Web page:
• Gabriele Eubanks

Leedy guides students through COVID preparations and precautions

Updated: Mar 15


by Gabriele Eubanks

Magazine Editor


Rochester University’s COVID Care Coordinator Nicholas Leedy does so much more than make sure students do their health screenings, take temperatures and pass out wristbands.


Leedy joined the campus community in August 2020, when he was hired to help students and the campus community with its COVID-19 policies.


Leedy is in charge of monitoring and organizing all of the health screening stations across campus as well as hiring the screeners themselves. He also monitors cases of COVID, updates policies to stay in line with the Centers for Disease Control and Prevention guidelines, and does contact tracing of the cases to ensure minimal chances for an outbreak on campus.


Previously employed as a resident director at Geneva College in Pennsylvania, Leedy came to RU with a significant amount of experience dealing with students. “I was looking for someone who was organized and could have some tough conversations with students in regards to quarantine,” said Dean of Students Sharia Hayes. “With all of the balls we’ve thrown at him along with the state, he has done very well in making adjustments and plans of action to accommodate the situations we’re living in.”


Though Leedy’s week can seem like a normal 40-hour-work week, he often spends hours on end answering emails, making phone calls and checking up on policies to make sure RU’s policies are up to date with the latest guidance.


Leedy said his most time-consuming task is contact tracing, which is trying to find all of the people possibly exposed to the virus and making phone calls to confirm. He said the longest tracing he’s done took him six to eight hours to find all of the close contacts and to make sure they were all contacted about their exposure.


Working with students is the least concerning part of the ordeal, Leedy said, because he understands the frustration of the situations the students are in. “The biggest challenge is just communication about the virus and why or how to quarantine,” he said.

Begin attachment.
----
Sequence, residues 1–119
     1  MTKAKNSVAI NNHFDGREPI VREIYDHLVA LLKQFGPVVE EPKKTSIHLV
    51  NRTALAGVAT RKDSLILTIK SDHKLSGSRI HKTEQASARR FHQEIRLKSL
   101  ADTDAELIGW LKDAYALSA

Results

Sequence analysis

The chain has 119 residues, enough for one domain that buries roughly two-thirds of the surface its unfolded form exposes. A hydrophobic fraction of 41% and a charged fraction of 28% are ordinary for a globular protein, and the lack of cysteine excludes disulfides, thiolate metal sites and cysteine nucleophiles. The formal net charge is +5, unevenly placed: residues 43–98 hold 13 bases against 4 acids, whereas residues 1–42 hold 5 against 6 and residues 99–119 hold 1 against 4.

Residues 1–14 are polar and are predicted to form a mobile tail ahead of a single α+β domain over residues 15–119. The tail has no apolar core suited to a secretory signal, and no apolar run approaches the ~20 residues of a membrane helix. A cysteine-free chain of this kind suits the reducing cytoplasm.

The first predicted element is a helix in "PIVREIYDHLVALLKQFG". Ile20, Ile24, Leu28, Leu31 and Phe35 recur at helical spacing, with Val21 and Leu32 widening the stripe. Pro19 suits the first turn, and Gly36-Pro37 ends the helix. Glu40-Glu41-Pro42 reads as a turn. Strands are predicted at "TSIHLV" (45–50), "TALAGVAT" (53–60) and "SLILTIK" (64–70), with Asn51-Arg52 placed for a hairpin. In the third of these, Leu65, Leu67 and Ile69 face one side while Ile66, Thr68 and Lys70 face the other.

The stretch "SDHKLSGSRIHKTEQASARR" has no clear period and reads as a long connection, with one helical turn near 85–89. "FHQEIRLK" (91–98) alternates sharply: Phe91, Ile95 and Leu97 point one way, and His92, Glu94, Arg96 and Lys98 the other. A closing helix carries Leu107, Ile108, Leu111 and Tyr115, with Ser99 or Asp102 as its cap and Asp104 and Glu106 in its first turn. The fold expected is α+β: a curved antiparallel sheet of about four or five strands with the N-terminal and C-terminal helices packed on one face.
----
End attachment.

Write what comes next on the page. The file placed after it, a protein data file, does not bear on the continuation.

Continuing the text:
Though Leedy said he has not yet had a case where a student refuses to quarantine, he said students still experience some confusion about why and how to quarantine.


Paige Steel, a junior interdisciplinary studies major who had been affected by COVID, said “Nick is a genuine person who is not only a leader but a friend in tough times such as these. Not only has he been there for me as I've navigated two quarantines, he has also been there to help others navigate the struggles of Covid-19 during these tough times.”


Although he has to work with people in what can be a trying time, Leedy said he truly enjoys it. “Getting to be a positive voice in a tough situation is really what I enjoy about my job,” he said. “Even though they’re going through a difficult time, I help them through it and get to help make the situation as tolerable as I can.”


Leedy said the relationships he builds with students are his favorite part of the job. When students visit him on campus and have meaningful conversations with him, he said it makes his day. “I even have people refer to me as the ‘Quarantine Queen,’ which is pretty funny,” he said.


Even though the position Leedy holds is not expected to be a lasting one in the hopes of the pandemic eventually coming to an end, he hopes to stay at RU in some capacity if he is able. “Even if I am unable to return, I understand and value the time I have and will enjoy it to the best of my ability until it comes to an end,” he said.

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